Essential Asana: Salamba Sarvangasana
Shoulder stand is an essential asana. It is considered the queen mother of all poses because of it's range of health benefits including improved circulation and vital immune, digestive, and endocrine systems. Shoulder stand brings blood to the brain stem which controls our deep life sustaining rhythms. It is considered a "cooling pose" because of it's soothing effect on the nervous system.
When taking yoga classes I noticed that shoulder stand is absent from most sequences. This may be because we live in a stressful culture resulting dysfunction or gripping around the neck and skull. Teachers are reluctant to bring students into a pose with potential to compromise the vital complex of nadis in the neck. With careful preparatory poses, appropriate props, and an understanding of the movements in the pose, sarvangasana can become daily medicine, or chikitsa. While there are a myriad of instructions helpful in teaching a successful sarvangasana, this article is meant to highlight a few points of interest.
In shoulder stand we seek to maintain the openness of the front body along with the upward movement of the spine and legs. This requires a well considered foundation. The weight of the body should rest on the superior spines of the scapulae, not on the neck. Often a lift of two or three blankets just under the shoulders can be of benefit so the neck isn't required to make a 90 degree bend at it's base. The base of the neck at the 7th cervical spine should lift away from the floor. To achieve this, the heads of the upper arm bones need to move towards each other. JinSung of Oakland Yoga Studio, has devised a contraption he calls the "impinger", constructed of two wooden blocks fixed to a board with space enough between to wedge the student's shoulders. This aligns the shoulders allowing the base of the cervical spine to ascend. The feeling of upwards movement of the body while in the "impinger" is significant.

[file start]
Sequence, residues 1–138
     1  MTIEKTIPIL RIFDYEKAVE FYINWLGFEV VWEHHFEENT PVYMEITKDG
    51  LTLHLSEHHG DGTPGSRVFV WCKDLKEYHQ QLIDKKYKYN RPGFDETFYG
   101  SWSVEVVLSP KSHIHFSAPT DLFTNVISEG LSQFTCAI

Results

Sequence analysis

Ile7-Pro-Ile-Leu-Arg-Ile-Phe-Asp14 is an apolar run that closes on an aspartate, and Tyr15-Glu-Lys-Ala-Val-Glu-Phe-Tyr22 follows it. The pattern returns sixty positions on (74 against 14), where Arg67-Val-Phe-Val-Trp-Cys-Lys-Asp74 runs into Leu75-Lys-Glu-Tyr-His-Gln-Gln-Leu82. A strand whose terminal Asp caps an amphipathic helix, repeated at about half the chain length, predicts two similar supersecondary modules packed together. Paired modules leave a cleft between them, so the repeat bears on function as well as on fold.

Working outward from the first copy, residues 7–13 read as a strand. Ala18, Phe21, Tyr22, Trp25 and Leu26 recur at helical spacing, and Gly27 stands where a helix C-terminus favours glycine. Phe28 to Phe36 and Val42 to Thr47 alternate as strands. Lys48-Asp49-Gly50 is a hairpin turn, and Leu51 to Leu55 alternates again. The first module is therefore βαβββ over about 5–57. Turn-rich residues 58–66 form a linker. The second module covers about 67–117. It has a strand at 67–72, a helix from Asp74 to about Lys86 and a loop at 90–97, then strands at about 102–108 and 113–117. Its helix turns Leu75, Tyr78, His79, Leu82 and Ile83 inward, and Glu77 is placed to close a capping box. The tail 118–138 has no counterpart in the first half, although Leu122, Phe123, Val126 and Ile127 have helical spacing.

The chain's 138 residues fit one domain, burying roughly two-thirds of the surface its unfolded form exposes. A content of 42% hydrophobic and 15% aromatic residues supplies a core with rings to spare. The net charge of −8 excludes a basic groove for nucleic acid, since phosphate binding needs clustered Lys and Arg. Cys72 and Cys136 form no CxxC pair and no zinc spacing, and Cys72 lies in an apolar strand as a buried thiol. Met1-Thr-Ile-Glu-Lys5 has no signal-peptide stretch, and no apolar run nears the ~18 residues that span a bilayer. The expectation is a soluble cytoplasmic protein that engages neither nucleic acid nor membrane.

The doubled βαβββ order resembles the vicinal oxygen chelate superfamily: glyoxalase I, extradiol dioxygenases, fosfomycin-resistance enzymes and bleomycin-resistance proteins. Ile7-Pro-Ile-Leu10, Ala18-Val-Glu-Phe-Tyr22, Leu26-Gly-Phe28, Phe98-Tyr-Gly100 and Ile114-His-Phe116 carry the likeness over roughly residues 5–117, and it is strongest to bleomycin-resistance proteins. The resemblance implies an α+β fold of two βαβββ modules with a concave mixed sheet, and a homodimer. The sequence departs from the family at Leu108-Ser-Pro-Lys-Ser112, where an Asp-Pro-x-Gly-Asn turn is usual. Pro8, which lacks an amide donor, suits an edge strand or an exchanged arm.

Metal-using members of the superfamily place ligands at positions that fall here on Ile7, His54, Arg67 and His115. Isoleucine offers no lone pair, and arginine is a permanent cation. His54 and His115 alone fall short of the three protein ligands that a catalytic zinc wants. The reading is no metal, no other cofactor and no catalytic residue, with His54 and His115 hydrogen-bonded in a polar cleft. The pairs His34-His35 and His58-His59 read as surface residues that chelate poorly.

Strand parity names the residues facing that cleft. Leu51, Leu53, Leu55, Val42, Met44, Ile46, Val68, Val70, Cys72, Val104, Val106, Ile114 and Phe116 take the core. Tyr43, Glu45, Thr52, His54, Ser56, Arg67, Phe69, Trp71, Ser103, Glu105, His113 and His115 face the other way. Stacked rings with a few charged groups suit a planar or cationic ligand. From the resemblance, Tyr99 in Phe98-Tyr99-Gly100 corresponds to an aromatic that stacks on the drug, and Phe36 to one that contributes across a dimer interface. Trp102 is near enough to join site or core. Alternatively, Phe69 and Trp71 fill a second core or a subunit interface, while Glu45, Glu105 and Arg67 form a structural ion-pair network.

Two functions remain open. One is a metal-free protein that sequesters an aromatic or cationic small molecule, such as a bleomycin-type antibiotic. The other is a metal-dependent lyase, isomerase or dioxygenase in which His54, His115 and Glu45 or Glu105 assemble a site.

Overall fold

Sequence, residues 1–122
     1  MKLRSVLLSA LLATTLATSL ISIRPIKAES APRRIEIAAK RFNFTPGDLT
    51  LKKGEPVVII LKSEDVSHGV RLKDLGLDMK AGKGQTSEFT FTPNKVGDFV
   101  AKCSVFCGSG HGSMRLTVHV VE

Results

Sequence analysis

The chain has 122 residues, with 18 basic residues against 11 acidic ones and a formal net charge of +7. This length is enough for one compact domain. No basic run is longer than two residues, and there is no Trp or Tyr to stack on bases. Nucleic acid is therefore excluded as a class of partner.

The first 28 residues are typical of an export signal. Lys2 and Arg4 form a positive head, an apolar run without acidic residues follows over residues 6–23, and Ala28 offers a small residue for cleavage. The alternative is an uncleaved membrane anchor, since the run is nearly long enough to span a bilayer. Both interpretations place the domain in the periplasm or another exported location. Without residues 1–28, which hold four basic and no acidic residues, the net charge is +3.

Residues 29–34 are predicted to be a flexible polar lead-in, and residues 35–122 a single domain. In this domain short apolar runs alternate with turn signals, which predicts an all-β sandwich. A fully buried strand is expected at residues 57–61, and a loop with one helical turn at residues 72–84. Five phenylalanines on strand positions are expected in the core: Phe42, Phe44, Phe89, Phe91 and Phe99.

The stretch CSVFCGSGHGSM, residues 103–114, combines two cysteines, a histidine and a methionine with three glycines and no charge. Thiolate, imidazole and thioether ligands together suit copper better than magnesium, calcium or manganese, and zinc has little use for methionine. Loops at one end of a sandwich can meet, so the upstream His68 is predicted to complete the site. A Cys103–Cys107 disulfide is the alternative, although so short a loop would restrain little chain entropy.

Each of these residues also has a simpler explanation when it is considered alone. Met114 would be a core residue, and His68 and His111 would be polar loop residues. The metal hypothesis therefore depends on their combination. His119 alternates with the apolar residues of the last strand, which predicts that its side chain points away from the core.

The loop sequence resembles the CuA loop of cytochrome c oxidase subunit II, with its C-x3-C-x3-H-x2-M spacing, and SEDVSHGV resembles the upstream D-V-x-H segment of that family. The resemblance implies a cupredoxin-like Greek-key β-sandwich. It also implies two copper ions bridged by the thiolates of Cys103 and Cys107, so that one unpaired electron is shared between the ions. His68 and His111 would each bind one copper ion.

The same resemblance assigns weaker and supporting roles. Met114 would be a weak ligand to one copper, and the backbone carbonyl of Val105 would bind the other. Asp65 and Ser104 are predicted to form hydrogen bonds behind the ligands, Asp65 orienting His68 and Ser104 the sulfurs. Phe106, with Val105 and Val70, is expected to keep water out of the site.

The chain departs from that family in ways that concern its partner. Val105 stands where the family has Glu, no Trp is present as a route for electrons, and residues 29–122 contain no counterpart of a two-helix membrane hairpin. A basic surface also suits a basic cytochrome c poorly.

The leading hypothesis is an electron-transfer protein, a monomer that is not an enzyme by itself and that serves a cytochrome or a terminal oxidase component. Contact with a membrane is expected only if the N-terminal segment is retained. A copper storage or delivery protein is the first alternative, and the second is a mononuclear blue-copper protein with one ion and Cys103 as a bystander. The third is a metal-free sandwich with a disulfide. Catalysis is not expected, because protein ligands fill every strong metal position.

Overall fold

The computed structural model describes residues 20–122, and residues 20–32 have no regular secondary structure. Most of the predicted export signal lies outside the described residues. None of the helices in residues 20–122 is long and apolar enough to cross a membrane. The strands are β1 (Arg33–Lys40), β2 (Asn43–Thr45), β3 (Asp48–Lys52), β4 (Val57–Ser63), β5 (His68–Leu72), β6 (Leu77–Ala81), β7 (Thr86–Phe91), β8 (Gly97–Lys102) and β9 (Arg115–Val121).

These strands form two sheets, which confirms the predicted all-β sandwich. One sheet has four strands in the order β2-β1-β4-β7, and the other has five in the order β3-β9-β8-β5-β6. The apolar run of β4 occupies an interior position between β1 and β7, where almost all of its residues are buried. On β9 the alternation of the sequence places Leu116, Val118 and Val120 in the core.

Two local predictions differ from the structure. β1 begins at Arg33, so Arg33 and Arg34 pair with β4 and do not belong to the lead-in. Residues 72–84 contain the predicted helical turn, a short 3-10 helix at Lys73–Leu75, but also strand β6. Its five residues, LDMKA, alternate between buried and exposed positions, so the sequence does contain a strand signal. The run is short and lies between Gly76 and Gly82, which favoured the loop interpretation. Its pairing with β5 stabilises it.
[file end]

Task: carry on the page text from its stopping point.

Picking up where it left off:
The elbows should be shoulder width apart but not closer, otherwise the heads of the humerus will see saw out of the shoulder socket. The hands should rest on the kidneys to support the opening of the front torso. As you hold the pose the hands will slip. Each time you adjust the hands there is a tendency for the spine to descend while the skin of the upper back ascends. Meditate on reversing this pattern so the spine continues it's upward journey while the skin of the back releases. Continually ask the tailbone to lift higher, while inviting the pubic bone to follow suit.
Senior Iyengar teacher Kofi Busia, recently told an anecdote about an architect designing an expensive looking home on a limited budget and his joy in undertaking this challenge. Kofi said we approach shoulder stand in this way. We come into the pose and immediately realize our shoulders are under resourced and on a limited budget to hold the weight of our body. As a result, the pose has a sinking tendency. We need to view this as our challenge or tapas, using skillful adjustments and careful attention to maintain the integrity of the pose.
As you hold the pose, let your eyes rest into your heart, softening the face and jaw. For greatest benefit, work up to holding shoulder stand for ten minutes each day, unless you are menstruating or have high blood pressure or glaucoma. Always sequence shoulder stand at the end of your practice for it's cooling and nourishing effects on the nervous system.